In the latest edition of Ipsos MORI’s Veracity Index (published in January 2015, fieldwork December 2014), 55% of people said they trusted civil servants to tell the truth. This is considerably higher than the 19% score for government ministers and the 16% score for politicians generally.
With 38% of people not trusting civil servants to tell the truth, the Civil Service has a net trust score of 16%. Although this puts it in the top half of the table – and way ahead of government ministers (-57%) and politicians generally (-64%) – the Civil Service lags behind the top profession (doctors 81%) and even behind the ordinary man/woman in the street (32%).
Ipsos MORI figures suggest trust in civil servants has increased dramatically since the early 1980s and late 1990s – trust in politicians has fallen since the mid-2000s.
Nevertheless, trust in civil servants has increased over time: it has more than doubled from the 25% of the first poll in 1983, with particularly noticeable increases between 1997 and 1999 (36% to 47%) and since 2009 (44% to 55%).
Meanwhile, politicians are on similarly low levels to 1983. However:
- there was a jump of 11% for government ministers and 8% for politicians generally between 1997 and 1999
- there was an 8% drop for each between 2008 and 2009 as the expenses scandal played out
- more people now trust government ministers than politicians generally, a reversal of the situation in 1983.
Why has trust in civil servants increased so much? Writing on the IfG blog in 2013, Ipsos MORI’s Bobby Duffy suggested, that, although there was no convincing explanation, there might be three plausible points to be made:
- A contrast effect with politicians – ‘high trust in civil servants could be the obverse of low trust in political groups’
- Civil servants ‘became associated with the optimism around public services in the late 1990s and early 2000s’
- The broader cultural context – Yes, Minister’s ‘manipulative mandarins’ being superseded by The Thick of It’s more ‘neutral, if sometimes inept, servants, with advisers and communications experts pulling the strings’.
However, YouGov figures suggest trust in senior civil servants is almost as low as for politicians – around 20%.
However, YouGov’s most recent trust tracker to include ‘senior civil servants in Whitehall’ (December 2012) put them around the same level as politicians from the three main parties. 23% of those asked said they would trust senior civil servants in Whitehall to tell the truth. Doctors (84%) and teachers (76%) lead the way, as in the Ipsos MORI figures; likewise, estate agents (13%) and journalists (17% mid-market, 10% tabloid) feature towards the bottom.
Why do civil servants score differently between these surveys? One reason might be the different wording. ‘Civil servant’ might conjure up a very different, and more positive, image than ‘senior civil servants in Whitehall’ whose proximity in geographical, power and reputation terms to the increasingly pejorative 'Westminster' could be a factor.
Interestingly, more people trust their local MP than any other type of politician (33%). However, that’s still not great, and as Philip Cowley has pointed out, the general picture is more complicated – ‘If they want love, politicians should get a spaniel.’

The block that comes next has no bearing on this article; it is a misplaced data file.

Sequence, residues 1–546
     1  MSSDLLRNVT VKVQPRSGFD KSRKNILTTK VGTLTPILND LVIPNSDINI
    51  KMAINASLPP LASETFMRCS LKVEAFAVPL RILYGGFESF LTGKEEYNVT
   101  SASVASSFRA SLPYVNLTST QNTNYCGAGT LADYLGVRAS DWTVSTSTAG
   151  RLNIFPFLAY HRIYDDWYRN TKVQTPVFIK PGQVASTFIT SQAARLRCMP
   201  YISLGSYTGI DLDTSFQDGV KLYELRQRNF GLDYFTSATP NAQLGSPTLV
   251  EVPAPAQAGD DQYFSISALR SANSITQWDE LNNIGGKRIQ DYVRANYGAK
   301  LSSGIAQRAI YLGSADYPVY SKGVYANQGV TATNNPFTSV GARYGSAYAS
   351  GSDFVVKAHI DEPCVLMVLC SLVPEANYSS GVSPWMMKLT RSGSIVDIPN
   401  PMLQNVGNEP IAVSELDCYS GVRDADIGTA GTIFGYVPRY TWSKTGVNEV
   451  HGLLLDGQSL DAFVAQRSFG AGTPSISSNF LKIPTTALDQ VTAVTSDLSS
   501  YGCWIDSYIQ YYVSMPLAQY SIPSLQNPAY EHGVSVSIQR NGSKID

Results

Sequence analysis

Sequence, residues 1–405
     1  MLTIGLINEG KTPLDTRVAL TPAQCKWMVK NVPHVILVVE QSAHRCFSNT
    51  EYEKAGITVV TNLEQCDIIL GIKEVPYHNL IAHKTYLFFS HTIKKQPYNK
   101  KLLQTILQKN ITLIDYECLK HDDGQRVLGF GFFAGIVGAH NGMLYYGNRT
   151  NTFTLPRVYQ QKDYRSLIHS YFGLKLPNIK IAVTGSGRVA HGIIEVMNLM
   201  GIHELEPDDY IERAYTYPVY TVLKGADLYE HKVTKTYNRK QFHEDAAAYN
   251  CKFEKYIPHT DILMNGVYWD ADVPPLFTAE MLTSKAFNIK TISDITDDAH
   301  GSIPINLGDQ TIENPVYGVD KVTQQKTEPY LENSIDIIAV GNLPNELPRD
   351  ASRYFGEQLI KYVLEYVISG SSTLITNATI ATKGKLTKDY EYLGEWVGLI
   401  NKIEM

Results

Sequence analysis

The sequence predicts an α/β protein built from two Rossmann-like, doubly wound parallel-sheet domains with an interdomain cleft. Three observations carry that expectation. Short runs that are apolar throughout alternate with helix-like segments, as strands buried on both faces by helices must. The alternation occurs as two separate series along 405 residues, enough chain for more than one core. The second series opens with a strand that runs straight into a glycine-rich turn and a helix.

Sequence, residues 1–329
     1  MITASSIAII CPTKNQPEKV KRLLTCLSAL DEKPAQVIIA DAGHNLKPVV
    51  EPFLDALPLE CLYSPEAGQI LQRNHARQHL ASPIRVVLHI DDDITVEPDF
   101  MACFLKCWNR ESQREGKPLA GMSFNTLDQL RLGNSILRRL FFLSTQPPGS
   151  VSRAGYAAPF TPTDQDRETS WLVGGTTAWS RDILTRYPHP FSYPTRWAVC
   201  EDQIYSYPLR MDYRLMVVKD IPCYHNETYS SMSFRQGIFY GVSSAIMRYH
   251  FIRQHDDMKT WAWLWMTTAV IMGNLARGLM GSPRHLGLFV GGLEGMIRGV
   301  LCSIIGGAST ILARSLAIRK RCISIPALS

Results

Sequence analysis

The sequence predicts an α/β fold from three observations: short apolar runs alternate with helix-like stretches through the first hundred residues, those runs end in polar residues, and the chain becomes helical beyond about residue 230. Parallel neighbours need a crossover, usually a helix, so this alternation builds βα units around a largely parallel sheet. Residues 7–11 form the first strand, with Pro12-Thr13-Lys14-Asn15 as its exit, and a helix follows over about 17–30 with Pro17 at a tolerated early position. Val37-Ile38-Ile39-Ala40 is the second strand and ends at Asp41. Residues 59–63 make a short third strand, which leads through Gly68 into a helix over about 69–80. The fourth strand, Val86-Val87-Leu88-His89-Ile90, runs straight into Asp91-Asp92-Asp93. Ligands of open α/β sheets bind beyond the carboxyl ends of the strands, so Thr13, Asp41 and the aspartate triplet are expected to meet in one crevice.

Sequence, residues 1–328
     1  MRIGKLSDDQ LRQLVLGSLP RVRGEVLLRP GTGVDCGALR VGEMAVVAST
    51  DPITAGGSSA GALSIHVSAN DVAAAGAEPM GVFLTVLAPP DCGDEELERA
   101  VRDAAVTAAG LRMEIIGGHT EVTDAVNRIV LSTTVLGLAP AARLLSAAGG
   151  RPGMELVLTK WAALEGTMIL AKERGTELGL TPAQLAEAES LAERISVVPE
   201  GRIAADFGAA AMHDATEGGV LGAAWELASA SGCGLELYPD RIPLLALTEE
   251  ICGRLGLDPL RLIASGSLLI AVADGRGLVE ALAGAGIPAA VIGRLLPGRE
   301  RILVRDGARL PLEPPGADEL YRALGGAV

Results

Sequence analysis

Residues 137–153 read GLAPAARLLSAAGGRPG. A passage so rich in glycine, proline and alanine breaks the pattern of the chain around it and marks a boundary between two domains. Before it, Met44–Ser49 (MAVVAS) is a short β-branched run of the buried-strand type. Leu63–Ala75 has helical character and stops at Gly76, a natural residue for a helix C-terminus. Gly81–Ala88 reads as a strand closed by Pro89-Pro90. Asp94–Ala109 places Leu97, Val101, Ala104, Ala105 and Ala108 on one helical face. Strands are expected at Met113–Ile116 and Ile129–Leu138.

Nonetheless, confidence in the Civil Service in the UK is comparable to other G8 countries.
46% of people had a great deal or quite a lot of confidence in the Civil Service in the UK, not far behind the leaders Canada (55%) and some way clear of Germany (31%). (At least in the 2005-2009 wave of the World Values Survey – the UK is not included in the most recent wave.)
This survey is asking about confidence – the other surveys we’ve looked at examined trust (and specifically, trust to tell the truth). This illustrates one possible drawback with asking about concepts such as confidence and trust – they mean different things to different people. (Others include political partisanship affecting people’s answers.)
Confidence in the Civil Service after the next election may depend on politicians.
The result of this May’s general election is uncertain, but whichever party – or parties – end up in government after it, new policies and reforms will need to be implemented. It will be the job of the Civil Service to see those through.
Polling by Populus for the Institute’s Programme for Effective Government suggests that political parties need to be careful they don’t make promises they can’t keep. We found the public would be more likely to vote for a political party that could demonstrate how it would implement its policies in government, but were not confident that parties knew how they would implement them or explain how they would pay for them. Most also thought that political parties in the UK tend not to keep their election promises.
Whatever the truth of those statements, the public perception is damaging. As we approach the general election, politicians will need to be sure they don’t make promises they can’t keep and show how they will implement ones they can. Otherwise, there’s only one likely outcome for politicians: their trust deserts.